The changing meaning of ‘socialist’
On May 6, France held their presidential elections, picking François Hollande over the incumbent Nicolas Sarkozy. Hollande is a socialist (a member of the French Socialist Party), a word that on occasion apparently confuses a large number of Americans, as many use it in a manner that is perhaps inconsistent with its intended meaning. Hence, a short primer on the word socialist.
Socialist is first recorded in the English language in the late 18th century, and the Oxford English Dictionary gives the first historical meaning as ‘one who lives in (civilized) society’. Appropriately enough, the OED also notes that this now quaint sense of the word is both obsolete and rare, having had a very short lifespan. Within several decades socialist came to take on the new meaning of ‘a believer in socialism’, and by the middle of the 19th century it had taken on the sense referring specifically to an adherent of a particular political party.
A social war between allies
Socialist and socialism both are obviously derived from social, a word that has the delightful initial meaning, a long time ago, of ‘referring to a war fought between allies’. Quite different from the modern sense of amiable companionship, although anyone who has ever sat through a political meeting of any type might well wonder if the roots of other political terms are similarly derived from words based on disagreement.
The current President of the United States, Barack Obama, is often referred to by political opponents as a socialist, and by extension his policies are also often called socialism. This confuses and irritates some people, as the political views and aims of the president do not overlap terribly much with those of Hollande. There are several possibilities for why the term socialist is attached to Obama. One is that some people do indeed believe that he is enacting socialist policies, regardless of whether socialists themselves agree with this. Another is that the word is being used simply as a pejorative term, broadening the meaning of the word socialist; this is similar to what has happened with the words Nazi and fascist, which once were applied only to members of political parties, but now have taken on a variety of extended meanings, including any person who seeks to impose his or her views on others in an inflexible way. Of course, the use of socialist in a pejorative way probably has more to do with the political views of the person using the term than anything inherent in its meaning. Indeed, some might view it as a compliment.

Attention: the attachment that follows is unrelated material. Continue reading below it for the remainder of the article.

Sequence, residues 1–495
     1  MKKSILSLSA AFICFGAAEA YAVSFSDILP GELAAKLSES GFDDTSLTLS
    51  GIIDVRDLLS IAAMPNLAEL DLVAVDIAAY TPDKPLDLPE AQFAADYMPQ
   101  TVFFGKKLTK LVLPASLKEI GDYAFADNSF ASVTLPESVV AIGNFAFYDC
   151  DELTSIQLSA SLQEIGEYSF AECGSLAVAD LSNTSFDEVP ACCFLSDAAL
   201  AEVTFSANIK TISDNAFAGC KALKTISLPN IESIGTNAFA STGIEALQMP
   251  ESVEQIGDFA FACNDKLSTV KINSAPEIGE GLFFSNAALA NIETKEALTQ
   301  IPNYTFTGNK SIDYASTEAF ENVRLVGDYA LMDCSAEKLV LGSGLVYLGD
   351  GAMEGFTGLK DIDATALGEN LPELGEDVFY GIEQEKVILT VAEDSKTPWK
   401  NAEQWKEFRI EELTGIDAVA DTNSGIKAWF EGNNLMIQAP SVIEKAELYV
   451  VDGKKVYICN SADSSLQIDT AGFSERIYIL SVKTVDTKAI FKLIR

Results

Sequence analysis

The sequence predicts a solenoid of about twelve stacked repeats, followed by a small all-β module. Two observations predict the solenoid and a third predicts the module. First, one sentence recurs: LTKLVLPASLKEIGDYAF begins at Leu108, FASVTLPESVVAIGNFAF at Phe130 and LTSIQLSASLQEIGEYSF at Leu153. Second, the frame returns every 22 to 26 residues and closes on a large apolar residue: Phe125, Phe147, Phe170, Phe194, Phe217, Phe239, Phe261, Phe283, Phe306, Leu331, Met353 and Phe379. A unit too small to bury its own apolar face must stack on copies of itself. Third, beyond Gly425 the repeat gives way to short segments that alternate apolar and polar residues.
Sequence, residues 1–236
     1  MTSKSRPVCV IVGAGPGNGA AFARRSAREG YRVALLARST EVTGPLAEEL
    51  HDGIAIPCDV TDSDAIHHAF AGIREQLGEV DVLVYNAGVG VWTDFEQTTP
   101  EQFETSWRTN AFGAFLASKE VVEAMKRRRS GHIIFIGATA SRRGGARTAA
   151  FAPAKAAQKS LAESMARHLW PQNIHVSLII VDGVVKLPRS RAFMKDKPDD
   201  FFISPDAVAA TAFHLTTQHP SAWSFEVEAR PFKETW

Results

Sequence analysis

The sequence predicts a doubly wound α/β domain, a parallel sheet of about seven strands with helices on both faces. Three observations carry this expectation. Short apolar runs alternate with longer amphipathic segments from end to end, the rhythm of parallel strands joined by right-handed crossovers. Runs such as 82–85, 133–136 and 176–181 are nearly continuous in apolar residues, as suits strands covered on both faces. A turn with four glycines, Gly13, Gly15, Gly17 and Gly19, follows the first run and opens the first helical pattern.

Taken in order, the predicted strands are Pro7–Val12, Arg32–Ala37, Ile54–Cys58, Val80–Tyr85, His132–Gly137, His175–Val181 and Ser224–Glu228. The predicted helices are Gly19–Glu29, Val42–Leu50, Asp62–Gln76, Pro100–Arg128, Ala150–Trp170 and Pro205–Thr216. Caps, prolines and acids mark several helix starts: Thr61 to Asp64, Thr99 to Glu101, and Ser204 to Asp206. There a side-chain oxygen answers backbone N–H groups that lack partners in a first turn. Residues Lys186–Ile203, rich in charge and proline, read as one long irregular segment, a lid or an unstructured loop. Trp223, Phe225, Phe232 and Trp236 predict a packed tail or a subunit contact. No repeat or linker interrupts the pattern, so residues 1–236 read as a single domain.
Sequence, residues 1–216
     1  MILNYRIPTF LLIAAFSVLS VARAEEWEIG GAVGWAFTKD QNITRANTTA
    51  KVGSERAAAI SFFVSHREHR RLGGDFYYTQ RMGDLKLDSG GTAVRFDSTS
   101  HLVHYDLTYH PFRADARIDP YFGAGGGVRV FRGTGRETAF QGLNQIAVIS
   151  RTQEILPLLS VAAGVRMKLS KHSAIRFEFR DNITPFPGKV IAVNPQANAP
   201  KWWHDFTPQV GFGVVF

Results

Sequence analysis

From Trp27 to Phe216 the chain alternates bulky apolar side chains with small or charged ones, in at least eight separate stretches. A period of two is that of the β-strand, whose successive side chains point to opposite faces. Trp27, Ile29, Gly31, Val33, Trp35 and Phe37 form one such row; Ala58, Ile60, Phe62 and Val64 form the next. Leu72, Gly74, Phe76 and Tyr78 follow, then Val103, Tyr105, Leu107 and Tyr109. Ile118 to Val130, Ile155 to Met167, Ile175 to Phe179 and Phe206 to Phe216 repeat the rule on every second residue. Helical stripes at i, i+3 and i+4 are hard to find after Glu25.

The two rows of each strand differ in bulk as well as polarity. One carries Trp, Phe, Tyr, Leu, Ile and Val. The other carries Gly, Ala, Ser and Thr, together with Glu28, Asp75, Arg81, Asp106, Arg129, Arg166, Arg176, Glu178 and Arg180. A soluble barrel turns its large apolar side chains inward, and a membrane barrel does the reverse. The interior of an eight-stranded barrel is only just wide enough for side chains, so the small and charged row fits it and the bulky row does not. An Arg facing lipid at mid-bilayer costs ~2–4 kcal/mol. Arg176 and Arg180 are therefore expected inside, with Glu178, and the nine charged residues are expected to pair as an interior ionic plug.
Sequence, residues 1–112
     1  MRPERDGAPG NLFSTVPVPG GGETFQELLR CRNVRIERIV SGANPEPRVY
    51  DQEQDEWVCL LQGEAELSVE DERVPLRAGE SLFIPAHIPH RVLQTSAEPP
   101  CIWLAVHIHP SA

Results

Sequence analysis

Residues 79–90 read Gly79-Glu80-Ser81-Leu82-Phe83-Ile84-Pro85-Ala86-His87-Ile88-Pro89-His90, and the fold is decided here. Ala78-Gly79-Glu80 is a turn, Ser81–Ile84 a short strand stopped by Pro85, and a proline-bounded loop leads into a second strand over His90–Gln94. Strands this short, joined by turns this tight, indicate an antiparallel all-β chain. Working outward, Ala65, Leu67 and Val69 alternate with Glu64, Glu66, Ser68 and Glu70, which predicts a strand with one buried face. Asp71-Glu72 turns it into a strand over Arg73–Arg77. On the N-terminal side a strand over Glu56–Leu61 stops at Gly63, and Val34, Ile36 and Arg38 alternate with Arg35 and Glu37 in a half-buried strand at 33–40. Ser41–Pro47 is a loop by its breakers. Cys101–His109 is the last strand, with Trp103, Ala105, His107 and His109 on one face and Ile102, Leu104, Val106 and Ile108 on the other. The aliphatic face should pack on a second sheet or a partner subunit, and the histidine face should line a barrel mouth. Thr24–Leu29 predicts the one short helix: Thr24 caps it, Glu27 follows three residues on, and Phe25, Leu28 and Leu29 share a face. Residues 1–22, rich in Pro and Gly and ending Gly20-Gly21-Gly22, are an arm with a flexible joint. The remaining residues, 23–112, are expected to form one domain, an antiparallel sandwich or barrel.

Yet another thing that serves to muddy the waters of the definition of socialist is that there have been a large number of political groups over the past hundred and fifty years that have used socialist or social in their title, and many of these have had exceedingly different political goals. Looking at Nazi once more, the etymology of the word is based on the abbreviation of the German Nationalsozialist (‘national socialist’), a group whose aims were obviously quite different than what most of us think of today as socialist.
So if you want to use socialist in a technical sense you would do well to rely on the definition that is provided in a dictionary. If you want to apply this label to an individual as a general pejorative meaning ‘someone who is to the left of me politically’ or ‘someone with whom I disagree’ then you may tell yourself that you are either incorrect or you are working to continue the semantic broadening of this word.
The opinions and other information contained in the Oxford Dictionaries Online blog posts do not necessarily reflect the opinions or positions of OUP.
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